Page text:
Federations and Synagogues: An Opportunity for Leadership

In a world where institutional Judaism is evolving, what role can and should Federations play in supporting synagogues to help them adapt and thrive? In this week’s collaborative post, leaders from four communities (three Federations, one Central Agency) invested in this work share their ideas of how Federations and synagogues can work together, their snapshots of success and ways to get started in our own communities. 

 

Cantor Adina Frydman is the executive director and Kate Lauzar is the planning director of SYNERGY at UJA-Federation of New York


Lisa Harris Glass is the chief planning officer at the Jewish Federation of Northern New Jersey and Joshua Keyak is the program associate at the Federation’s Synagogue Leadership Initiative


David Trietsch is the founding director of the Leadership Development Institute at Combined Jewish Philanthropies of Greater Boston


Rabbi Philip Warmflash is the chief executive officer of Jewish Learning Venture in Philadelphia

 

Each facilitate significant projects in synagogue investment and change and are willing to be teachers to our field.

 

Now is the time for Federations to step up and engage our local synagogues to ensure that they adapt and evolve in these rapidly changing times. 

 

Today’s institutional Jewish community is the wealthiest and most influential at any time in our history. Over the years, we have invested significant resources and time building and sustaining our core institutions. And yet, as it relates to synagogues, there is no coordinated effort that integrates an understanding of the changing needs of our people, the innovations and practices that foster learning, engagement and meaningful participation, and the training of professional change agents to bring this learning to bear. 

 

There is, of course, tremendous rhetoric and new data about declining rates of synagogue membership, the lean away from “joining”, and the increasing desire to curate one’s Jewish experience as opposed to paying full freight for “the works” membership package. Still, we continue to see that a strong desire for deep connection with others in order to make meaning through ritual, study, and action abides. If anything, this desire for connection should compel us with an even greater urgency to help these legacy institutions become the space for innovation in order to speak to both current and future generations.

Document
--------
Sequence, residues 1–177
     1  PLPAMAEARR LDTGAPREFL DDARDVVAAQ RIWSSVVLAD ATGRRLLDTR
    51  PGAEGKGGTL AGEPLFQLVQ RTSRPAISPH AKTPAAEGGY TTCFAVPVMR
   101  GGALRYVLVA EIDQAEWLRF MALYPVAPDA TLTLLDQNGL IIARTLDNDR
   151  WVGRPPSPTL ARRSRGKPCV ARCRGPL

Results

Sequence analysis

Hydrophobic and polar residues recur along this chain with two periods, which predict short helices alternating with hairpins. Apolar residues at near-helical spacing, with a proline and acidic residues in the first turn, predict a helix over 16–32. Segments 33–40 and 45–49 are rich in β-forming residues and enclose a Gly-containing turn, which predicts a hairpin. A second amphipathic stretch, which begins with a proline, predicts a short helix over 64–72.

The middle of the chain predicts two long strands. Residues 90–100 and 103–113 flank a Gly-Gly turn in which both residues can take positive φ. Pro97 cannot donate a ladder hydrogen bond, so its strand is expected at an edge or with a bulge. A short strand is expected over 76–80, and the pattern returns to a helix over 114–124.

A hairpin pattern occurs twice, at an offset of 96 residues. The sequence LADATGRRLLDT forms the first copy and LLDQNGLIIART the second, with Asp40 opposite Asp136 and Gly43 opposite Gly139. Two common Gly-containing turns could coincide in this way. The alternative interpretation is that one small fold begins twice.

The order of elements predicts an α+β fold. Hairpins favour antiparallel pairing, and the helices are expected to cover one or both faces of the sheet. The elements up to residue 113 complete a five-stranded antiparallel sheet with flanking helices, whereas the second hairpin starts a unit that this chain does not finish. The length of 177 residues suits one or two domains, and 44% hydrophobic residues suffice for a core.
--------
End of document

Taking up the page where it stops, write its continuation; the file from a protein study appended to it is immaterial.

As professionals committed to this work, we wish to shine a spotlight on what we do, how and why we do it, why Federations are compelled to engage in this work, and some practical steps to get started.

 

In a Federation-synagogue partnership, synagogues gain by having access to high level, relevant resources to help them thrive. Federations gain when synagogues stand as viable and compelling partners in the Jewish ecosystem, ultimately engaging more Jews and Jewish families in Jewish life. In a partnership, Federations become valued by synagogue leadership in appreciation of Federation investment in their institutions. And, while this cannot be the primary motivation for engaging in this important work, it helps that those connected to synagogues give more philanthropically to Jewish causes. In total, healthy, thriving synagogues are vital for a healthy thriving Federation, and the collaboration is good for both.

 

Snapshots of Success

 

We have used a number of tools in our work: coaching and consulting, working with cohorts to advance change, bringing research about innovations to synagogue leaders, providing seed funding and grant incentives, offering training from leaders in the field, in and outside of synagogue life. How have our varied approaches helped synagogues thrive?

 

Leadership Development Institute (Combined Jewish Philanthropies in Boston)

 

The effectiveness of synagogue leadership is greatly dependent on the strategic partnership between the rabbi and temple president. CJP’s Leadership Development Institute (LDI), in collaboration with the Massachusetts Board of Rabbis, supports and enhances this partnership with an annual Rabbi-Incoming Presidents workshop held before the new president’s term begins. Feedback from dozens of rabbi/president leadership teams has confirmed the enormous difference that clarity as to roles and responsibilities, shared priorities for the coming year, and recognition of unique communication styles can make if explored and agreed upon prior to the beginning of a new term of office. 

 

SYNERGY (UJA-Federation of New York)

 

Congregational Coaching is the latest initiative developed by SYNERGY at UJA-Federation of New York to help synagogues get unstuck and move into action. NY area synagogues can engage expert organizational change coaches, with a very modest participation fee, to identify goals, discover new methods of problem solving and create a customized plan to address the challenges they face in almost any area of synagogue life. Guided by SYNERGY coaches, synagogues take action to achieve congregational goals and implement lasting change.  Launched Fall 2016, six SYNERGY coaches are now working with 20 synagogues in the NYC area, with the expectation that the program will grow in the coming months.